Tuesday, July 17, 2012

Is the TDSB Dumbing Down the High School Curriculum for Black Kids?

Dare one call it the soft bigotry of low expectations? Because, despite all the crunchy delicious educational mumbo-jumbo about "pathways" and "layers," that's what it sounds like:
The Leonard Braithwaite program is being introduced for the first time at the secondary school level in Canada because there is an overwhelming opportunity gap in education for black students. This is not an africentric school or even a school within a school, it is a program that will provide students an alternative way of learning while still being a part of the Winston Churchill community.

The program will offer grade 9 students the opportunity to learn through an africentric lens for 6 out of their 8 courses. The courses will be a part of a de-streamed model which means that the learning and teaching has been reconfigured to meet the needs of all students in the classroom. The courses will be designated as academic in order to provide students with the most choice for future pathways; however, through the use of layered curriculum, students will reach the required expectations in their own way even if they are currently not at the academic level. [Layered curriculum means that students move towards the same expectations taking different paths. One student may only need to complete one assignment to reach a particular expectation where as another may student need to do 4 assignments that build on one another to reach that same expectation].

We as a school feel that this program will help address some of the issues surrounding the opportunity gap facing our black students...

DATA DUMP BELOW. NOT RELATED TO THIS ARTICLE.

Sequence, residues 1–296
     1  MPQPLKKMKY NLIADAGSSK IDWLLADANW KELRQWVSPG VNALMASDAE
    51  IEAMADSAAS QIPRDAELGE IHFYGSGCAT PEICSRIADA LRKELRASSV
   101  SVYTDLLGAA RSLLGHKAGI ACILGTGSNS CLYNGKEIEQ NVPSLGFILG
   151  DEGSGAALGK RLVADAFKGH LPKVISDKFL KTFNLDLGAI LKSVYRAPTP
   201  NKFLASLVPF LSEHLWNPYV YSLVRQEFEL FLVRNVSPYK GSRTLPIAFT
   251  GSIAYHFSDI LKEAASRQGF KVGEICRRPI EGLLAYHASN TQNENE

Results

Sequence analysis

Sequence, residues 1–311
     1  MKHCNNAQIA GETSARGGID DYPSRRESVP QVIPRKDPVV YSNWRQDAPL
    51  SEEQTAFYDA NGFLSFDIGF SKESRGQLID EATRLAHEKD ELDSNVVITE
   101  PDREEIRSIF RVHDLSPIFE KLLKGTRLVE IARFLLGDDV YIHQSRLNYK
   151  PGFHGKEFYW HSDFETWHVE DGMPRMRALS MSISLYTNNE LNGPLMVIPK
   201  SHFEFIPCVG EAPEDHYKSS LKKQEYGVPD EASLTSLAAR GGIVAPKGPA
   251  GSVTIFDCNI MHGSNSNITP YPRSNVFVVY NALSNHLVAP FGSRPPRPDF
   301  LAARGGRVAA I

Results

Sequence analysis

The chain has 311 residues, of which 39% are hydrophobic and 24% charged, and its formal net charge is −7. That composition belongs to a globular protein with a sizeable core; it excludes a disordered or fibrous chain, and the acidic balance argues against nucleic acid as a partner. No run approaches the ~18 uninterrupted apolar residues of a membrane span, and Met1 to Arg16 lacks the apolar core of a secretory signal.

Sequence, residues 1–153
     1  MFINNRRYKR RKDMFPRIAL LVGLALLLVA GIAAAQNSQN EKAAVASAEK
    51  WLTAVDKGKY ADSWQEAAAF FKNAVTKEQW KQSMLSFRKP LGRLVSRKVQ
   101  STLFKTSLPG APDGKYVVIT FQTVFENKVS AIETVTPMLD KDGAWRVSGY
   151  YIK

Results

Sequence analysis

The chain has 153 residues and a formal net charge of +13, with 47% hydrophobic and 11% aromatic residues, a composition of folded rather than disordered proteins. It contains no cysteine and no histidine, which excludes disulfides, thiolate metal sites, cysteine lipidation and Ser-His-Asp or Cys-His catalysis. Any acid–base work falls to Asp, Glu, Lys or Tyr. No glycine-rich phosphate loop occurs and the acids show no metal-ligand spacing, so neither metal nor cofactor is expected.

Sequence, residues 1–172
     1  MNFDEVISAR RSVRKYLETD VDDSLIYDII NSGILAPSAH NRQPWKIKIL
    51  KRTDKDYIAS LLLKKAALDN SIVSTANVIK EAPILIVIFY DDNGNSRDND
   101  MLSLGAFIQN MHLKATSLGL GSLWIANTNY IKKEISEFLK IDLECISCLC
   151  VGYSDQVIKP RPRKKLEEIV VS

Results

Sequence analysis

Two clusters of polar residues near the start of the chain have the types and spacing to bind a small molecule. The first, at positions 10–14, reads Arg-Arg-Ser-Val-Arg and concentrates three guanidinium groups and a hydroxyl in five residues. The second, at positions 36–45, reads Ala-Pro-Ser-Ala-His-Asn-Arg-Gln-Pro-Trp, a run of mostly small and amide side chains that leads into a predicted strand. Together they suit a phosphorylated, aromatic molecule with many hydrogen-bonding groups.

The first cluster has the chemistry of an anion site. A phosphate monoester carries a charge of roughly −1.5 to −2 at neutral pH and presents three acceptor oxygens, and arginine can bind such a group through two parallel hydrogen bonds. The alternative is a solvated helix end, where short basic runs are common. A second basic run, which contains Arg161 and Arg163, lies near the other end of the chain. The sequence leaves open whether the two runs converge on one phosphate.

A gap that can be bridged via lower expectations, obviously--but what good does that do the kid later on in the real world?

Don't miss the course abstracts, wherein you'll learn that in geography
A particular focus will be on the role and location of the African Diaspora within these systems. Students will evaluate the dominant narratives currently accepted about geographic systems to explore their impact on the identity and self-image of African Canadians and other members of the African diaspora. Using this knowledge, students will use a variety of geotechnologies and inquiry and communication methods to explore and present their findings of the impact geographical systems have had on the African Diaspora in Canada and in a global context.
Whatever the heck that means. (When you're dumbing things down, it's often quite useful to use the most high-faluting, impenetrable language possible). Meanwhile, in math class
For the purpose of meaningful learning of the subject, students will have the opportunity to incorporate the language, culture and history of African peoples and the African Diaspora for understanding math problems, investigation, and effective use of technology, abstract reasoning and critical thinking
Well, that will no doubt make geometry etc. seem a whole lot more meaningful. As for science
Through partnering with researchers, scientists in the field that represent diverse cultures, genders and backgrounds student will have the opportunity to challenge the dominant narrative about science education. There will be a focus on environmental sustainable projects through global connections with partners and schools from the African continent where students will examine environmental issues from various African regions and critical analyse Canada’s role in contributing to the issue.
As I've often said: there's nothing like challenging the dominant narrative about science education to spark a young'un's interest in scientific inquiry. (Actually, that's the first time I've ever said it--and I will never say it again because it's a bunch of hooey.)

But this line, about the music course, is my absolute favourite:
Students will develop the skills to locate their lived experience within the learning environment.
I think I'd better take that course, because that's a skill I sorely lack.

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